We’re already planning next year’s camping trip, and I’m already coming up with some new muffin recipes to try. It’s the least I can do to thank these wonderful friends.

Monday, July 14, 2008

Changing Our Kids’ Eating Habits

Almost every month, a new person finds their way to our Davis County UFAN meetings. Often they or their children are newly diagnosed, and they’re struggling to find a way to ease this transition into thinking about food in a whole new way. We welcomed just such a mom to our group last week, so our discussion revolved around ways to help her five-year-old daughter learn to change her eating habits.

Teaching a child to avoid certain foods is hard. Doing it when that child is old enough to have already developed a taste for those foods is even harder.

Unfortunately, food allergies can develop at any time. (I became allergic to barley and avocado in my 20s.) In some ways, it may be easier to have your child’s allergies appear when they’re very young, before they learn to love fudge, or popcorn shrimp, or ice cream. Although there are safe versions of most foods, the tastes aren’t always the same, and it’s hard to get a six-year-old to understand why he can’t have the ice cream at Baskin Robbins now, when he could last month. But if he’s grown up knowing only the taste of soy ice cream, he doesn’t have that problem.

So when you’re faced with teaching an older child that managing her food allergies means giving up some of her favorite foods, it can be an uphill climb.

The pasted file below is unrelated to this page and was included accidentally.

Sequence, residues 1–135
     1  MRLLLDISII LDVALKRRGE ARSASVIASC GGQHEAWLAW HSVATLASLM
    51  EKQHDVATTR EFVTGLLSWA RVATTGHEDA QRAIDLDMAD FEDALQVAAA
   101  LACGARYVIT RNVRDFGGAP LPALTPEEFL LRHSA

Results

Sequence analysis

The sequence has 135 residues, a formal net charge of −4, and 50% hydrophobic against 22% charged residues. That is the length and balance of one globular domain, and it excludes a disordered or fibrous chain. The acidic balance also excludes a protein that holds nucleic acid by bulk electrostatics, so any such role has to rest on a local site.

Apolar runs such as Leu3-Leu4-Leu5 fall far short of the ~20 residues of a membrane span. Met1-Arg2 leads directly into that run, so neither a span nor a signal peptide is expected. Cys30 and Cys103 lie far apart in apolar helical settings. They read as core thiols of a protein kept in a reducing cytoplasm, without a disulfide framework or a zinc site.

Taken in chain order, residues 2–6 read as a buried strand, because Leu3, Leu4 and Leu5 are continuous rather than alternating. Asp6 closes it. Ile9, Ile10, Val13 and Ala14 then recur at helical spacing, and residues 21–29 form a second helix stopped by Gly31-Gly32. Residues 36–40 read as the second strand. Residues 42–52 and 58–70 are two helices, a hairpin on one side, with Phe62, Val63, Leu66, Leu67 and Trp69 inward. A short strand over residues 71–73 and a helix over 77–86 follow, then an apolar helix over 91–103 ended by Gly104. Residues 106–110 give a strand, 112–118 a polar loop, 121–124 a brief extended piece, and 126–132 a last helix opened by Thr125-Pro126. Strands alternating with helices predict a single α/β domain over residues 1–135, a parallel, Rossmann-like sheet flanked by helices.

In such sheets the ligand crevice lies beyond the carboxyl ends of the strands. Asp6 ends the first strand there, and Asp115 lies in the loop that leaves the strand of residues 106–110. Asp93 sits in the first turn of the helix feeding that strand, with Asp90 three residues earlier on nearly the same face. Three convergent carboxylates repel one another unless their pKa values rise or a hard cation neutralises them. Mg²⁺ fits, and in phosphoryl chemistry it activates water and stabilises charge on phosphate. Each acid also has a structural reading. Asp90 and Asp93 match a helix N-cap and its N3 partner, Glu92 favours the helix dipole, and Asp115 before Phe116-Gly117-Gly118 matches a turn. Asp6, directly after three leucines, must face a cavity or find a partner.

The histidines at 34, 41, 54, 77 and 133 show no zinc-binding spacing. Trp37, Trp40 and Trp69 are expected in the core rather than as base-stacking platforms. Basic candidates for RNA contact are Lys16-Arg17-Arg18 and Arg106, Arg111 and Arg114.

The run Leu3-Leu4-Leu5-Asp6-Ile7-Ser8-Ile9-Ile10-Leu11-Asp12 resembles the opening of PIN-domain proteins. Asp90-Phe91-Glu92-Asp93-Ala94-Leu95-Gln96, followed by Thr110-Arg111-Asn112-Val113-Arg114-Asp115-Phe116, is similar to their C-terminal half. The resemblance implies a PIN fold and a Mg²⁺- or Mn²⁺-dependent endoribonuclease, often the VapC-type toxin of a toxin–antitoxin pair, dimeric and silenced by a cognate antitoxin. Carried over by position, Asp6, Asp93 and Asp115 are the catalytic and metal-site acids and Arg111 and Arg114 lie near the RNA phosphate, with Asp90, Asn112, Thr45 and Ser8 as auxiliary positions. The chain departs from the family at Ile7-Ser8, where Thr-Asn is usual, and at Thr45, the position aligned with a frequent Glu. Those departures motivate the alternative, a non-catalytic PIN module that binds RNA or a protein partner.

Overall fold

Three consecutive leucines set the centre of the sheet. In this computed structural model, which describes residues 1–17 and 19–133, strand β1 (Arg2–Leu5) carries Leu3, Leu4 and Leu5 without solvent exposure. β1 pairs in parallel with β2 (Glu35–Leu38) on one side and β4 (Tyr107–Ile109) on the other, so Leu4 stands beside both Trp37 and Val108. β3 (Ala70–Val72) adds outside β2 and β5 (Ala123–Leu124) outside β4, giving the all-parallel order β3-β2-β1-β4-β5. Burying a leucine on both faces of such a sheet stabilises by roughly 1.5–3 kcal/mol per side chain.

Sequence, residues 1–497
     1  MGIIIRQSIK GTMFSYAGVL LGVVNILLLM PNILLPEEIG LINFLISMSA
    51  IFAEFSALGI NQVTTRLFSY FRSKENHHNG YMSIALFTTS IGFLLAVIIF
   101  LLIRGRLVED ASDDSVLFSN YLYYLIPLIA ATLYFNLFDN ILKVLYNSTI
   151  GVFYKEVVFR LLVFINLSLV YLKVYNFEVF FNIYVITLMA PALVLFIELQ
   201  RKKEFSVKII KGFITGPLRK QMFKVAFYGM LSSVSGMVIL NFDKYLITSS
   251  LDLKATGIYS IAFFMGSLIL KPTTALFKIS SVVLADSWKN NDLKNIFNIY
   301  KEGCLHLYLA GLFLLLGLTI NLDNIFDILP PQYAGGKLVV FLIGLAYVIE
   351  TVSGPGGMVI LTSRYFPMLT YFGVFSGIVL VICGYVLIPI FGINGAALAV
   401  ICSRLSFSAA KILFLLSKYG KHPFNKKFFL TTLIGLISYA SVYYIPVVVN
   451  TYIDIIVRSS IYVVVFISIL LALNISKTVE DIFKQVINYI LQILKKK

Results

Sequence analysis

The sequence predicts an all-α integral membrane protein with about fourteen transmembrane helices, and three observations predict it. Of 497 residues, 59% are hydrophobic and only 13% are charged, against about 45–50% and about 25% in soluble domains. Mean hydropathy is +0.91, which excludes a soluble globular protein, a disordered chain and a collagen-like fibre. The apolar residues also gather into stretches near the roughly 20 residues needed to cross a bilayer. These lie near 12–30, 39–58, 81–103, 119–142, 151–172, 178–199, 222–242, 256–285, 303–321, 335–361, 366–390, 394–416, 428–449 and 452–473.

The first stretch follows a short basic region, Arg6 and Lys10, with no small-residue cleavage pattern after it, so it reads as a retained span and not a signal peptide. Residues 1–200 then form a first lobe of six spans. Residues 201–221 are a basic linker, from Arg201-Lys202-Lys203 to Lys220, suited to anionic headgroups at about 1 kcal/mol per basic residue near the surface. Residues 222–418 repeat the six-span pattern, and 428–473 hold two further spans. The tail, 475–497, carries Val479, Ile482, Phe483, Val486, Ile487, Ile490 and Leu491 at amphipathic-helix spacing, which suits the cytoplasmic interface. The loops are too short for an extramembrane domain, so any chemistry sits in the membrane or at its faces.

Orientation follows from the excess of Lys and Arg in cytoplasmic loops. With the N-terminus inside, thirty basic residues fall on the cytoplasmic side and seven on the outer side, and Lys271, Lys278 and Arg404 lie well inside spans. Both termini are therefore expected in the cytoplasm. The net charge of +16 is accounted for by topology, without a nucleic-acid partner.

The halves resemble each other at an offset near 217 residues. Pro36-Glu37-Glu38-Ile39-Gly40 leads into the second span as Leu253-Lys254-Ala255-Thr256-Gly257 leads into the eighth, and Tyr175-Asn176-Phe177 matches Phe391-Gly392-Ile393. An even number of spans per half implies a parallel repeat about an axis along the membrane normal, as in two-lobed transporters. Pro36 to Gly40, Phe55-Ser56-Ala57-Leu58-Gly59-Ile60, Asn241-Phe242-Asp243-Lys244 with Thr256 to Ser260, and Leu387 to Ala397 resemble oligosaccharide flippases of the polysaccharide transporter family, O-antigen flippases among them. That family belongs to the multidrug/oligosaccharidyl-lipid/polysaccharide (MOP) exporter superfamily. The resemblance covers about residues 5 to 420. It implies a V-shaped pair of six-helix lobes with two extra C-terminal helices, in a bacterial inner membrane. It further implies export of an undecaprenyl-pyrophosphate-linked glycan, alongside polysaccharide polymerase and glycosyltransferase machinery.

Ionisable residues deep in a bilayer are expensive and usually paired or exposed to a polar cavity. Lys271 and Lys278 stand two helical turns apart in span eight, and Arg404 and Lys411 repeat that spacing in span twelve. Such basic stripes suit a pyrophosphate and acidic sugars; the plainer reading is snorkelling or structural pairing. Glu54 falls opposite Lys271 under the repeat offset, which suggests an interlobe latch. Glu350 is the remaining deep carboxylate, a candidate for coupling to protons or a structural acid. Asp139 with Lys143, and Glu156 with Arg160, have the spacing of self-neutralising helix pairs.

Some kids are so tired of being sick or miserable from symptoms like eczema, vomiting, or hives that they’re willing to give up those foods to feel better. But some kids really can’t seem to associate the bad reactions later with the yummy taste now. All they can focus on is the instant gratification – what happens later, even if it’s only ten minutes from now, doesn’t concern them. We have to be concerned for them and take on the role of food cop. And they don’t like it one bit. (Neither do we, frankly.)

Once again, we find that this parenting gig is hard. I know, I know, big surprise.

Of course, we’re not alone. Lots of parents face challenges when it comes to food, regardless of whether allergies are involved. It’s our job to teach our kids healthy eating habits. (And that’s made even more difficult when our own habits aren’t that great!)

We have to teach them why they can’t eat candy for breakfast. Why they can’t eat six popsicles in a single sitting. Why they have to eat at least one serving of veggies with their hot dog. Why they can’t eat the entire bag of Oreos right before dinner.

We try to teach about the food pyramid, or at least the four basic food groups (I never have gotten the hang of that pyramid). We teach portion size. We teach concepts like balanced meals, healthy choices, and why fiber helps them poop.

Then after all that teaching, we still find ourselves arguing over every bite of green veggie, every pilfered lollipop, every suspiciously empty wrapper.

It’s just another of those less-than-fun aspects of parenting we signed on for when we brought home that little bundle of joy. So our issue is teaching why food allergens make that brownie off-limits. The next parent is dealing with an empty Twizzler bag under the bed of their overweight child, or a meltdown over a can of soda with their diabetic kid, or the pizza party for the child in a kosher or vegan family.